Smile Director Parker Finn Wanted To Make A Love Letter To The Cursed Chain Sub-Genre [Exclusive Interview]

This post contains spoilers for "Smile."

There's no denying that audiences love "Smile." It's the horror breakout hit of the year in a year chock-full of horror breakouts — aren't we lucky to be alive right now? — and despite its familiarity in structure, it is truly full of surprises. From the top-notch performances of "13 Reasons Why" alum Sosie Bacon and "Scream" star Kyle Gallner to the impeccable and original creature design, this new horror story offers a new spin on old successful genre structures. After all, there's a reason why some conventions keep returning generation after generation; It's because they work.

In the spirit of those tropes we return to over and over, and the surprises that can come from repeating history, I sat down with director Parker Finn to talk shop about his debut feature. We tackle everything from the film's familiar structure to our own fears within the "Smile" universe, and the filmmaker even went deep with me on the movie's pivotal birthday party scene. As the interview began, Finn made a kind comment about liking my "Possession" (1981) T-shirt, so I knew this was going to be a true meeting of like minds, but one of the most obvious things about the filmmaker that he is clearly a horror fan first — and it truly shows in his impressive work, and the way he discusses it.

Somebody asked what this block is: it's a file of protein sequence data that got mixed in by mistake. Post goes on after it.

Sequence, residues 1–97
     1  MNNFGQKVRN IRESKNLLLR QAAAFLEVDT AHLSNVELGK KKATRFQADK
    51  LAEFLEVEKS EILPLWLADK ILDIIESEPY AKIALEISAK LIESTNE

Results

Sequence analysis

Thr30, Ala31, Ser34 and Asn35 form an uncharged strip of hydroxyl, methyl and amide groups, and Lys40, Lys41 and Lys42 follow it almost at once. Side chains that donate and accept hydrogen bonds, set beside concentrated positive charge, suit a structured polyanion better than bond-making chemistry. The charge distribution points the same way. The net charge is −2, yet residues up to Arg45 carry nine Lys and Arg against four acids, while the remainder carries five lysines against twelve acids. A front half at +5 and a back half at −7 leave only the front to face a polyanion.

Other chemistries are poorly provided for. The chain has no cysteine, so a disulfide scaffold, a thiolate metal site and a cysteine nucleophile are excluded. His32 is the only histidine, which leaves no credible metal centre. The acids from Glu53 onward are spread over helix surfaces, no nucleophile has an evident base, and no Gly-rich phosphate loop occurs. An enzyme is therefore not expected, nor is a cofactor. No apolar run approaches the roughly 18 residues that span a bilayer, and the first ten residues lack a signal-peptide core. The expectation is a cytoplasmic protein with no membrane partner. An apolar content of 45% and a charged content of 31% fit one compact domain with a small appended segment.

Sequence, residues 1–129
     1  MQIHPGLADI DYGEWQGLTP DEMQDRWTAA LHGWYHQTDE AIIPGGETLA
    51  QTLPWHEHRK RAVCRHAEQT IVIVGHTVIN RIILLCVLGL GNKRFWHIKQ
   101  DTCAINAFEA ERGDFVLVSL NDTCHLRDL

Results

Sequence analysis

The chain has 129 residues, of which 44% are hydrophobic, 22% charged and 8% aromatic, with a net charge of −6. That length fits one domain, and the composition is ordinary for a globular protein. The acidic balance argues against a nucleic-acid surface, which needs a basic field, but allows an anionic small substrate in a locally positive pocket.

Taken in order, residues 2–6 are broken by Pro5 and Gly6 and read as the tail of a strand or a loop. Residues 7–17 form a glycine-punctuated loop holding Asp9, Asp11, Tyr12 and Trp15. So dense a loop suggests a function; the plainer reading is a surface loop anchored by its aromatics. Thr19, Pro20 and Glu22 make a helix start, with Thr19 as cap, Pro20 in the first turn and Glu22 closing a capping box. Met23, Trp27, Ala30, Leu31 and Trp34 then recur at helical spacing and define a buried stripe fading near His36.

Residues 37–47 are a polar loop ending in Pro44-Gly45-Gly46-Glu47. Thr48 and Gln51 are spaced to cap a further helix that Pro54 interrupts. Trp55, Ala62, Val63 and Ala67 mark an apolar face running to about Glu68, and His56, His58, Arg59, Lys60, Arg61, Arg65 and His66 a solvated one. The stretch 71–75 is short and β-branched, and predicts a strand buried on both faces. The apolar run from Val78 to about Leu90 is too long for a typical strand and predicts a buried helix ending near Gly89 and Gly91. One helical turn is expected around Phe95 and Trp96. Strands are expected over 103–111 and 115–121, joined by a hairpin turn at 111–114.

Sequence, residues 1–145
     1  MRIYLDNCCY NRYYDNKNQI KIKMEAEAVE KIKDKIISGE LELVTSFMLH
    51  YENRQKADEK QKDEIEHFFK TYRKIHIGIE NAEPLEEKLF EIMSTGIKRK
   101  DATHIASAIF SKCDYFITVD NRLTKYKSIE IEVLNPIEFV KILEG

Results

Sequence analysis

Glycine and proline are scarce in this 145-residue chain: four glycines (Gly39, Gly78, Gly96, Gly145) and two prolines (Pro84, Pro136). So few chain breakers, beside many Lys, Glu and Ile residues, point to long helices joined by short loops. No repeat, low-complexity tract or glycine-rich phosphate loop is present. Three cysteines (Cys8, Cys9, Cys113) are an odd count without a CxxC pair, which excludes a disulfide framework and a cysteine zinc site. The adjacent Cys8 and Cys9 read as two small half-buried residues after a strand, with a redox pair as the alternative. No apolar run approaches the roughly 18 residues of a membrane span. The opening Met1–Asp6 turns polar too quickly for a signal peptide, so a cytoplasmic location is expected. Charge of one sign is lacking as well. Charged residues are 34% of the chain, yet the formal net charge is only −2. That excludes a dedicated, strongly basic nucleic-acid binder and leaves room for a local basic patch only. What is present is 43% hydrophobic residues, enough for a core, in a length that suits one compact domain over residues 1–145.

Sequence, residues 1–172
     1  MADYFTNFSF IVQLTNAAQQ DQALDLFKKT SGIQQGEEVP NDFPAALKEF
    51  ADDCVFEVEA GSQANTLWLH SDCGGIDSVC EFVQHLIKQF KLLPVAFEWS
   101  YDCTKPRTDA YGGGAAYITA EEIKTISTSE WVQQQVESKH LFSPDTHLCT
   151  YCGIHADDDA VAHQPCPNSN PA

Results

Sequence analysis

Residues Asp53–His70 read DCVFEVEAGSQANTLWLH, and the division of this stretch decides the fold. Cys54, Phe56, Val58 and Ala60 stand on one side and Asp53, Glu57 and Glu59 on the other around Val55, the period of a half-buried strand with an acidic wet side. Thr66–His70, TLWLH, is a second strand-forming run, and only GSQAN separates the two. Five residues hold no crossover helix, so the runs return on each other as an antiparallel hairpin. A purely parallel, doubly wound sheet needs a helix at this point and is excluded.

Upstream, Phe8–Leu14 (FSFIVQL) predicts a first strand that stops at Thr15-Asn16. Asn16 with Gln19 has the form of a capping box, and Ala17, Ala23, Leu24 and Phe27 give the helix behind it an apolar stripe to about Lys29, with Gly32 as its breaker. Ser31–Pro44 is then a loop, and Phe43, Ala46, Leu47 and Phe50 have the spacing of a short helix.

'I wanted to make a love letter to the Cursed Chain subgenre'

Knowing that this movie pulls its structure from some really great films in the past, like "The Ring" for example, why do you feel like it feels so fresh?

I wanted to make a love letter to the Cursed Chain subgenre, I suppose, because I've always loved those films or even stories that some of them were inspired by. Authors like M. R. James and stuff like that. But what was really important to me was to also tell what was hopefully a very compelling human character story at the center of it, and to center this kind of a film on a character that maybe felt more real and somebody that an audience could really connect with. That was really important to me because it goes to such extraordinary, outrageous places. I want to make sure that we started in a place that felt grounded and real so that you go on that journey with Rose.